MATLAB made the choice of having one file describe one exposed object/function/class/script so it maps directly into the mental model of file systems. This is good for both user’s sanity and have behavioral advantages for MATLAB’s interpreter

  1. Users can reason the same same way as they do with files, which is less mental gymnastics
  2. Users can keep track of what’s available to them simply by browsing the directory tree and filenames because file names are function names, which should be sensibly chosen.
  3. Just like users, MATLAB also leverage the file system for indexing available functions and defer loading the contents to the memory until it’s called at runtime, which means changes are reflected automatically.

Package/modules namespace models in MATLAB vs Python

MATLAB traditionally dumps all free functions (.m files) available in its search paths into the root workspace. Users are responsible for not picking colliding names. Classes, namespaces and packages are after-thoughts in MATLAB while the OOP dogma is the central theme of Python, so obviously such practices are frowned upon.

RANT: OOP is basically a worldview formed by adding artificial man-made constructs (meanings such as agents, hierarchy, relationships) to the idea of bundling code (programs) and data (variables) in isolated packages controlled (scoped) by namespaces (which is just the lexer in your compiler enforcing man-made rules). The idea of code and data being the same thing came from Von Neumann Architecture: your hard drive or RAM doesn’t care what the bits stands for; it’s up to your processor and OS to exercise self-restraint. People are often tempted to follow rules too rigidly or not to take them seriously when what really matters is understanding where the rules came from, why they are useful in certain contexts and where they do not apply.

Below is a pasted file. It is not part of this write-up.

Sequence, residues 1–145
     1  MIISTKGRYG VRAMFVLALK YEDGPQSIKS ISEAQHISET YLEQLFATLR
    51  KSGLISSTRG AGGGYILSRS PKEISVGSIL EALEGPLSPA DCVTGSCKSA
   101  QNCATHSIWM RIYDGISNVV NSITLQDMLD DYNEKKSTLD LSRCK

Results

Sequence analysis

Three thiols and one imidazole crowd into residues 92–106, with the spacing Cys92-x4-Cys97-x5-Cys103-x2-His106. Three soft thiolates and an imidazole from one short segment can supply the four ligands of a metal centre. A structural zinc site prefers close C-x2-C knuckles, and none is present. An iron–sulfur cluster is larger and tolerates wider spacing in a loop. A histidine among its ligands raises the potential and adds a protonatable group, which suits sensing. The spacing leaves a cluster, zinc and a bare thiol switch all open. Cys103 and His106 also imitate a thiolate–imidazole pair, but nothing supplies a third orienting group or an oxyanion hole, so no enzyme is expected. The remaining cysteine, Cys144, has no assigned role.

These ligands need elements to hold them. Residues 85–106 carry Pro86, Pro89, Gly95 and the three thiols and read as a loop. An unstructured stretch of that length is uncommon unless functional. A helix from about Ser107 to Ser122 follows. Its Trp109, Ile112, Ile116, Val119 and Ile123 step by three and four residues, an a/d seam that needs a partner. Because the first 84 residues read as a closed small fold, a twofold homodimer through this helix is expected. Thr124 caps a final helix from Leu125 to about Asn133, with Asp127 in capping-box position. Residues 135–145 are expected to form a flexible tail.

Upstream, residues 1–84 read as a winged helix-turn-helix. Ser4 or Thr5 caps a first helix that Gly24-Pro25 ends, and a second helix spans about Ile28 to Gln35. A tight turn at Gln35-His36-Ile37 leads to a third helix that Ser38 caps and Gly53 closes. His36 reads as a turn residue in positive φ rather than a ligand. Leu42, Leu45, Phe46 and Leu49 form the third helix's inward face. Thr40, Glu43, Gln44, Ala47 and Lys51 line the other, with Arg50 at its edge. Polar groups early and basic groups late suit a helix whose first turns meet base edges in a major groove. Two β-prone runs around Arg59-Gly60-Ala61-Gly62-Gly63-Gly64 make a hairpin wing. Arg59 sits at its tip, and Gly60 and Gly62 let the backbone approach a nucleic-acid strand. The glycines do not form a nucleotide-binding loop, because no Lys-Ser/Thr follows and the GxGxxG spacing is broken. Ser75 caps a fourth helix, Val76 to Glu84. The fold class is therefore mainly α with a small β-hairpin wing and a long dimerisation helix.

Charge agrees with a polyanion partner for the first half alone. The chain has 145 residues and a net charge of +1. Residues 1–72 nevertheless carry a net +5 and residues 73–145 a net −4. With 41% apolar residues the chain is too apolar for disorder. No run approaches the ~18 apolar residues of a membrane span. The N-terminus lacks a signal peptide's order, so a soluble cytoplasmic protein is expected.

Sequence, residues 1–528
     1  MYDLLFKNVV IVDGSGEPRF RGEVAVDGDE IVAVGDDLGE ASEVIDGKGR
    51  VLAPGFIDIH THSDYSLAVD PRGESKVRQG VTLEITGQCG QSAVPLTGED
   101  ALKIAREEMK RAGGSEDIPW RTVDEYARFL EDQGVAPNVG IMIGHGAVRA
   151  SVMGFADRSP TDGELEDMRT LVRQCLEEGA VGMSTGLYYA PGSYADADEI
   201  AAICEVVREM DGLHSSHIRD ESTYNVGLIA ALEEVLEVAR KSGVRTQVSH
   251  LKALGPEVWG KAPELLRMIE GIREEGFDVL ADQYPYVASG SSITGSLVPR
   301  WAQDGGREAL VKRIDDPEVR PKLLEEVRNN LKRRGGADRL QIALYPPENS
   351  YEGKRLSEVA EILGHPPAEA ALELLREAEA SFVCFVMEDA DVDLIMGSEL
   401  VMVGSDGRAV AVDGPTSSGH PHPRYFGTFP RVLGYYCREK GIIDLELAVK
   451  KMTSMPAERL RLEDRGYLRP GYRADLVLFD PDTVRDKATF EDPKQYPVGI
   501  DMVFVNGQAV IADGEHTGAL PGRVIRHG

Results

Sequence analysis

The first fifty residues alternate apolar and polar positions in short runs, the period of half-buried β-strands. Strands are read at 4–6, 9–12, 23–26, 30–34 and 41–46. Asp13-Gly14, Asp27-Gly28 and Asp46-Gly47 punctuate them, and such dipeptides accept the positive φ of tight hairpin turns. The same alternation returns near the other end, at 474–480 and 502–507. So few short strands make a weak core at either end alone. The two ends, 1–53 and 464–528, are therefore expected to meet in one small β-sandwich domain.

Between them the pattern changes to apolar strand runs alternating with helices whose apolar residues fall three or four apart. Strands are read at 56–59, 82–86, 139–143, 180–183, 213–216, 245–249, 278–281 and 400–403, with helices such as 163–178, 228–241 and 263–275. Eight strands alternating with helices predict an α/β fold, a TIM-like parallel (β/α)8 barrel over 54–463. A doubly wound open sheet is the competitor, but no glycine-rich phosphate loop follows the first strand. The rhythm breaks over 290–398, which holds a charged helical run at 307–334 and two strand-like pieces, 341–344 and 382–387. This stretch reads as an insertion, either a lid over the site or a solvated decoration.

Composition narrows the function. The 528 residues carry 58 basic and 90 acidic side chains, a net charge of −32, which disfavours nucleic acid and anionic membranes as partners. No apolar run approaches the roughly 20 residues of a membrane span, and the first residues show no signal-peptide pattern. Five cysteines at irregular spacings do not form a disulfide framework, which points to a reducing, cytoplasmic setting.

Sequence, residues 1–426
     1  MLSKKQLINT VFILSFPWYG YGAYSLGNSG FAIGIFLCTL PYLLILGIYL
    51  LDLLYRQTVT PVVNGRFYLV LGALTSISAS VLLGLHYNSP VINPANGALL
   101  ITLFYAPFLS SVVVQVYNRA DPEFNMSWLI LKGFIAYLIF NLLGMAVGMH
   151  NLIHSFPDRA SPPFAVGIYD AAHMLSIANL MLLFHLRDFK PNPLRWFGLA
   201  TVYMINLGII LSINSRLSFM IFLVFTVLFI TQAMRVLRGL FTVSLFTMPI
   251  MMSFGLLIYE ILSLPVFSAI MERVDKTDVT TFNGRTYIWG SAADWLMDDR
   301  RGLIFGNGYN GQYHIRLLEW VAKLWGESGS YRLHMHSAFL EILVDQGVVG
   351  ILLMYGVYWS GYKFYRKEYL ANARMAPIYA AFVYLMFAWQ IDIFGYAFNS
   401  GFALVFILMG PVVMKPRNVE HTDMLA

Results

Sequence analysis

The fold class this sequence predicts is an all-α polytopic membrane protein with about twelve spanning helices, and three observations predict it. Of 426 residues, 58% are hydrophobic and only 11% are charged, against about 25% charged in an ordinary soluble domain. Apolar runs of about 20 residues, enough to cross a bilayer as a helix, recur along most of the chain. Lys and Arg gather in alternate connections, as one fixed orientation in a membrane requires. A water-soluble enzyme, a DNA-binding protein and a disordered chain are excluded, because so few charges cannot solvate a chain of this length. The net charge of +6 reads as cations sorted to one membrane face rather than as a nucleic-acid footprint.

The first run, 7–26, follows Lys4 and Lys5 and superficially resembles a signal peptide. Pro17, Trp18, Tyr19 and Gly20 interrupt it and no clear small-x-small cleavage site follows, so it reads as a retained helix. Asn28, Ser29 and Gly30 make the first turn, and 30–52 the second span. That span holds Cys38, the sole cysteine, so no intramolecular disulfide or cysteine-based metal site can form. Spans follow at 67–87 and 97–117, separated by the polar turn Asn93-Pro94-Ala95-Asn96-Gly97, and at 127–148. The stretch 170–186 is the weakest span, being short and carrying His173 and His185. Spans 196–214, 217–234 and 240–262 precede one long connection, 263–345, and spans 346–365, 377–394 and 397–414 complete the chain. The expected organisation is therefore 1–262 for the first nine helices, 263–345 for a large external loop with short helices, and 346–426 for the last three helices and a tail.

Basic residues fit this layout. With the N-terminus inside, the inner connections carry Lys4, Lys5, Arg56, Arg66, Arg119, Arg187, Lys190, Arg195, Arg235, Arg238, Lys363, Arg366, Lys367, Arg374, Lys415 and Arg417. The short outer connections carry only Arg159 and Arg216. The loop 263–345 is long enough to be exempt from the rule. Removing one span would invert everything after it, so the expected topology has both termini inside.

Packages namespaces are pretty much the skeleton of classes so the structure and syntax is the same for both. From my memory, it was at around 2015 that MATLAB started actively encouraging users (and their own internal development) to move away from the flat root workspace model and use packages to tuck away function names that are not immediately relevant to their interests and summon them through import syntax as needed. This practice is mandatory (enforced) in Python!

However are a few subtle differences between the two in terms of the package/module systems:

  • MATLAB does not have from statement because import do not have the option to expose the (nested tree of) package name to the workspace. It always dumps the leaf-node to the current workspace, the same way as from ... import syntax is used in Python.
  • MATLAB does not have an optional as statement for you to give an alternative name to the package you just imported. In my opinion, Python has to provide the as statement as an option to shorten package/module names because it was too aggressively tucking away commonly used packages (such as numpy) that forcing people to spell the informative names in full is going to be an outcry.